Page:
Good Bad Women: Goldilocks

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The Book of Knowledge 1912

We were discussing the character of teenage girl in a fantasy novel. “I like that the girl is not what you expect,” said one writer, “You expect girls to be sweet and innocent, but she’s strong and takes action,” he said.

Huh, I thought. Do we expect girls to be sweet and innocent? If you’re like me and you used to be a teenage girl, or, maybe you’re not like me, but you know someone that used to be a teenage girl, then perhaps you don’t expect them to be sweet and innocent. Based on your keen powers of observation and the belief that teenage girls are people, you expect girls to be diverse and complex, like the rest of us. Why then, if real girls have all the characteristics of real people, do we expect fictional girls to have few or none?

Marina Warner, in her critical analysis of fairy tales From the Beast to the Blonde, argues that the way we tell stories about women and girls serves a social project. That project is usually to reinforce the dominant power structure and to warn against challenging that structure. A closer look at the story of Goldilocks serves to illustrate this process.

The earliest written version of Goldilocks, Warner says, is centered on an old woman (who is not named Goldilocks). She is homeless and possibly a witch. She breaks into the gated, beautifully adorned house of a bear family, then she maliciously destroys their furniture. When the old woman is caught by the bears she is burned, drowned, then thrown from a church steeple. Warner argues that this version was meant to warn people in the lower castes of society against trying to cross economic and social boundaries.

In the next version of this story, Warner says, a young, silver-haired girl is wandering in the woods. Out of curiosity she enters the home of a bear family and accidentally damages their furniture. When the girl is discovered the bears make plans to skin her and eat her for dinner. Warner argues that this version of the story was meant to discourage curiosity in girls.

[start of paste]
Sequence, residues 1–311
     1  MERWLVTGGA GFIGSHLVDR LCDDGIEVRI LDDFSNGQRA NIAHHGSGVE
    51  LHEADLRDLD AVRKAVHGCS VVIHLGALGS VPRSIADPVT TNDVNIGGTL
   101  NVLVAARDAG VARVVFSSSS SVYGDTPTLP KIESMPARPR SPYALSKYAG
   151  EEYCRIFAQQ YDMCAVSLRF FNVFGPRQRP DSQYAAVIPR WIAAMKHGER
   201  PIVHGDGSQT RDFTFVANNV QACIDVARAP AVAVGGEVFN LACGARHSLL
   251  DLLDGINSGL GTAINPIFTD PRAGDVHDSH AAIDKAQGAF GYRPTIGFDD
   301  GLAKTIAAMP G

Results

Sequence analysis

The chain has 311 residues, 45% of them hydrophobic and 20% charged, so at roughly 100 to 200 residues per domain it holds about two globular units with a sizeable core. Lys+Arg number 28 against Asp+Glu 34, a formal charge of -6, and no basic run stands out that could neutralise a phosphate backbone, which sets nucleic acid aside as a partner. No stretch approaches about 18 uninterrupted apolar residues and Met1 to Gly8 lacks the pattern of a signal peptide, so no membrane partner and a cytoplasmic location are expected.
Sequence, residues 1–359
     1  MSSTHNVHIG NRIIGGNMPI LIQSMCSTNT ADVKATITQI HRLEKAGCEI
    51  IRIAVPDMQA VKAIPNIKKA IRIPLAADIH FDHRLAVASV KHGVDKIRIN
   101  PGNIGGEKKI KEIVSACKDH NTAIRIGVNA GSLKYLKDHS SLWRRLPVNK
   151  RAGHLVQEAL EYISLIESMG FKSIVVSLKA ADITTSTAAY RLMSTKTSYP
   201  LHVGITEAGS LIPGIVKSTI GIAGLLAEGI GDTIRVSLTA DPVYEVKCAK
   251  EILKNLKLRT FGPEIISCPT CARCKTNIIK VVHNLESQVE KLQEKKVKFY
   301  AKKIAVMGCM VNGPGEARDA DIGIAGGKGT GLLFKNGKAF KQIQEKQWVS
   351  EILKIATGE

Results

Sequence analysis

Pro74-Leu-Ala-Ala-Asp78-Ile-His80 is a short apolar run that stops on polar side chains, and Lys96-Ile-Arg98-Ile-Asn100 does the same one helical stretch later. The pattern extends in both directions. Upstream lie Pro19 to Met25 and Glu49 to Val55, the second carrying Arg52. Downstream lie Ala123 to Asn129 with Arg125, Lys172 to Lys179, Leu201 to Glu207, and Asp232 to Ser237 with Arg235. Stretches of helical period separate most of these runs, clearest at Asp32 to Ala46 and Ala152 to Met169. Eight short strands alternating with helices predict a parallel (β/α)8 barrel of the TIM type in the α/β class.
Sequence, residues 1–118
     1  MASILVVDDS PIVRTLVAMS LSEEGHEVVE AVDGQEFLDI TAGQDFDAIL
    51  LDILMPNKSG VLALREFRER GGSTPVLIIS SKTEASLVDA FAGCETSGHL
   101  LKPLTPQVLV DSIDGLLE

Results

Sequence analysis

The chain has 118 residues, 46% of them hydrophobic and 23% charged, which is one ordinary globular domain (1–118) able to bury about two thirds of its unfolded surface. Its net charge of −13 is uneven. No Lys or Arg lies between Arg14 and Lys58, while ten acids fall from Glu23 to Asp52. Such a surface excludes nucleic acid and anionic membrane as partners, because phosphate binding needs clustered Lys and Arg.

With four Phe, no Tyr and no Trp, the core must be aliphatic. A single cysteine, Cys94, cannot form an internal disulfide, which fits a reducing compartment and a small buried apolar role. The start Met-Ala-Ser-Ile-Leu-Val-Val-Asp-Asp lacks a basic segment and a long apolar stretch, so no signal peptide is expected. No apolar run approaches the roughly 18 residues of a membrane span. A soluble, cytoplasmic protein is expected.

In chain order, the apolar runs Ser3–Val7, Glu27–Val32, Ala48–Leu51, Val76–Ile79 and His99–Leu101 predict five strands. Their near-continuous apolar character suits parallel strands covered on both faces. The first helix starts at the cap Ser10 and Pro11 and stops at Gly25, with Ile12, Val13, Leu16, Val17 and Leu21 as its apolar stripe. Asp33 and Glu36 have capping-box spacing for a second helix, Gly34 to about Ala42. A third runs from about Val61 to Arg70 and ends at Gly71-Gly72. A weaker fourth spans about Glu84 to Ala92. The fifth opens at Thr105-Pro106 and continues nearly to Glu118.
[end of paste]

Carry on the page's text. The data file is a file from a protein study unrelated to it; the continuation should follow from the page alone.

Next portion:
In more recent versions, Goldilocks is a young girl with remarkable blond hair who is lost in the woods. Cold, hungry, looking for help, she enters the modest home of a bear family and accidentally breaks their furniture. When the girl is discovered she runs from the house and from the bewildered bears. She is not injured, just frightened. In this final version of the tale we have not only the most passive of all three protagonists, but also the most beautiful. The protagonist is blond, which Warner argues is used in folk tales as a shorthand for young, innocent, beautiful, and morally good. Additionally, her motives are driven by desperation, not curiosity or malice. In this final version our protagonist is sweet and innocent, just as the writer in my workshop expected her to be. This modern story of Goldilocks implicitly tells girls to strive for beauty and innocence, and to not stray far from home. As Warner points out:

By forgetting that fairy tales interact with social circumstances, we miss seeing how the copybook blond princess becomes instead a stick with which to break young women.

But, what happens if Goldilocks gets some of her agency back? I’ve discovered many instances of communities, schools, mock trial teams, and regional judicial systems staging Goldilocks vs. The Three Bears trials. Usually the juries are third graders, sometimes they are in fifth. In these mock trials an actor portrays Goldilocks on the witness stand, and according to accounts of the trials, Goldilocks is sometimes selfish, lost, malicious, or unwitting. She is a range of characters, with a range of motives. Through these mock trials, Goldilocks, at last, has become a complex human being, and, like the rest of us, sometimes she is guilty and sometimes she is innocent.